Your browser doesn't support javascript.
Show: 20 | 50 | 100
Results 1 - 3 de 3
Add filters

Document Type
Year range
German Law Journal ; 24(1):17-44, 2023.
Article in English | ProQuest Central | ID: covidwho-2279181


This Article contributes to the discussion about the development of international trade regulation of state interventionism by situating the tensions that exist about the future design of subsidies and state enterprises treaty regulation in the broader context of current systemic challenges to the multilateral trading system. While recent studies have explored the issues of subsidies and state-owned enterprises (SOEs) as one of the most significant in impact among the contemporary challenges to the WTO, there is certainly scope to discuss further such a problem from the broader point of view of the crisis of the multilateral trading system, its systemic challenges and the concomitant increasing politicization of international trade relations. To this end, this Article analyzes the interactions between the lasting decline of the WTO, growing political interferences with international trade flows and the prospects of reforming multilateral trade rules to address its systemic challenges and manage/mitigate newly central problems of the 21st century such as the Covid-19 Pandemic, climate change and the greening of economic production and international trade. The Article argues that existing WTO rules are not adequate to address these challenges and problems. It concludes that, like in the GATT era, it is only the spirit of pragmatism that may provide chances to find alternatives to growing frustration with negotiating inaction and, hence, to reform the system. However, the question remains whether it is possible to find an approach to imagine, remodel and craft multilateral rules that are sensitive to different economic, political, and social choices and able to rebalance the position of all members, large and small, rich and poor.

German Law Journal ; 24(1):1-16, 2023.
Article in English | ProQuest Central | ID: covidwho-2252685


Economic interventionism in the form of subsidization and operation of state-owned enterprises (SOEs) is today among the main frontlines of international trade conflicts. Along with trade restrictions and new legislation designed to impact cross-border investment, mergers, and acquisitions, the use of subsidies and countervailing measures by governments and trade-distorting effects of SOEs have lately caused harsh controversies within and outside the World Trade Organization (WTO) between its members. Going forward, there are reasons to expect these tensions to intensify rather than diminish in number and importance. This Special Issue aims at examining the development of international trade rules regulating state interventionism against the background of the Covid-19 global pandemic and present shifts in global geopolitics and the economy. This introduction, in presenting the state of the art on the questions tackled by this Special Issue and highlighting its contribution to existing literature on the topic, offers different considerations aimed at bringing together various trends emerging from the Articles contained in this Special Issue. It also explores avenues for further research and reflection.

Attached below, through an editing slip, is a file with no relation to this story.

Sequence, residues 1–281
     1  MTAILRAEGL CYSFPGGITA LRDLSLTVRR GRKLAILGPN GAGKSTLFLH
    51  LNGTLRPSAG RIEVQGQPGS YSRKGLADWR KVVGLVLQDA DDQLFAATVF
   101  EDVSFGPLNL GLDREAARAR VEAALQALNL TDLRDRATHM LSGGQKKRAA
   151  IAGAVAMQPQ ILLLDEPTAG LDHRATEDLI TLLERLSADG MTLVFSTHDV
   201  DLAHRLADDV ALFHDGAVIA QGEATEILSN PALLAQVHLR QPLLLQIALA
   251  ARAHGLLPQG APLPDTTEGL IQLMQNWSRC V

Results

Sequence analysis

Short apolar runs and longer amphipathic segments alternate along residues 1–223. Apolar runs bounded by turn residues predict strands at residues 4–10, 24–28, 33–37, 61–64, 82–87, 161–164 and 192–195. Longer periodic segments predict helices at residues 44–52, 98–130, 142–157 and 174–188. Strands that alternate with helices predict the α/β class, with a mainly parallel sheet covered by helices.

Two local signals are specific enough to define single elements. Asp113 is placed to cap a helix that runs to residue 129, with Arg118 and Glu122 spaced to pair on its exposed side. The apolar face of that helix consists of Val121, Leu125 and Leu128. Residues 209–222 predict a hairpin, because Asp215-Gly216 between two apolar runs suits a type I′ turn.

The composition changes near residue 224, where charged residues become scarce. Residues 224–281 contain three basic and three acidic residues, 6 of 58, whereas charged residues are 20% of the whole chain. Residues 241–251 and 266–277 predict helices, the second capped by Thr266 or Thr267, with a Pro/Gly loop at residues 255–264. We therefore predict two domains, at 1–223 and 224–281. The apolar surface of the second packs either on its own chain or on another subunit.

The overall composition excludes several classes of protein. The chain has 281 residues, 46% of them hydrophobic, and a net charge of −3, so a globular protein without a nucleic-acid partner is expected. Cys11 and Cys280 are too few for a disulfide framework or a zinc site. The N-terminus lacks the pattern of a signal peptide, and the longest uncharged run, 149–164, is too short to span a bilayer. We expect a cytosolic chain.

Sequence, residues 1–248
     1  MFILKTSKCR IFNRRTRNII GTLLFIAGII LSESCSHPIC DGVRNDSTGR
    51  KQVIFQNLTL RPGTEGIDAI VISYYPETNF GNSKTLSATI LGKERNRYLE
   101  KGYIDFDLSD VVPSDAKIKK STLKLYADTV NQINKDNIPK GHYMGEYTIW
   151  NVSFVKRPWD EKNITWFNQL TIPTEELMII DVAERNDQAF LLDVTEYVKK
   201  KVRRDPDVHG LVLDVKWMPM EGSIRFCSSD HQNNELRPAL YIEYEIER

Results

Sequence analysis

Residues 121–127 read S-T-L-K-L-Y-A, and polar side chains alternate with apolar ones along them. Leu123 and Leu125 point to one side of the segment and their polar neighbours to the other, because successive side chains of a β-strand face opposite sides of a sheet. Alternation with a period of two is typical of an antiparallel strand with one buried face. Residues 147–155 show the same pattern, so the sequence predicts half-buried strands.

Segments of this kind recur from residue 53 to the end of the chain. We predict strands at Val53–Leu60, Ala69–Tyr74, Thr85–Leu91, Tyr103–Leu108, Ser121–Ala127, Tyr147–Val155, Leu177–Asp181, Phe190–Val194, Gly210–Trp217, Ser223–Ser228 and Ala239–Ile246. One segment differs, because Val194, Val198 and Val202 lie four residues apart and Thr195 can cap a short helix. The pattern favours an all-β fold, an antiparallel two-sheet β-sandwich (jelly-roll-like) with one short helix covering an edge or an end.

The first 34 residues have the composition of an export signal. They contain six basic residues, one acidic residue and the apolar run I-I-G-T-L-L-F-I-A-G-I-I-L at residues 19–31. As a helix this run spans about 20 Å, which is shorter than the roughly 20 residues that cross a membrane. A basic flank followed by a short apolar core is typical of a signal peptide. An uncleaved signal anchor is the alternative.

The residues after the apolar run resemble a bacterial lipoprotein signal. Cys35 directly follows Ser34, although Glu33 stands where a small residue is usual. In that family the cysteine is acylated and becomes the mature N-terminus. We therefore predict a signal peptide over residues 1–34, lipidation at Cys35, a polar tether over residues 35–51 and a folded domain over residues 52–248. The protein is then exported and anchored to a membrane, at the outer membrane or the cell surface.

German Law Journal ; 24(1):72-101, 2023.
Article in English | ProQuest Central | ID: covidwho-2252684


This Article discusses existing WTO rules on subsidies and state enterprises, relevant caselaw and reform prospects in light of key geopolitical developments and changes in the global economy emerging in the aftermath of the Covid-19 pandemic. Following a general introduction, the Article critically analyzes present WTO rules on industrial subsidies, focusing inter alia on the new problems raised by activist industrial policies pursued by global trading powers, foreign subsidization, the climate change shock and environmental exigencies. It then shifts attention to the application of WTO rules on subsidies to the state sector and the increasing demands for new international trade rules on non-subsidies measures to address the negative spillover effects on trade from government influence on state-owned enterprises (SOEs). With respect to each of these matters, the Article first clarifies the terms of the problem in relation to existing WTO rules and caselaw, and next examines the question of how, and to what extent, "deeper” free trade agreements (FTAs)—those that experts designate as models for WTO reforms on the matter—establish new rules that permit to adequately address the trade concerns raised by SOEs' commercial and financial activities. Based on this multi-layered analysis, the article concludes by examining prospects of reform of WTO rules on state interventionism.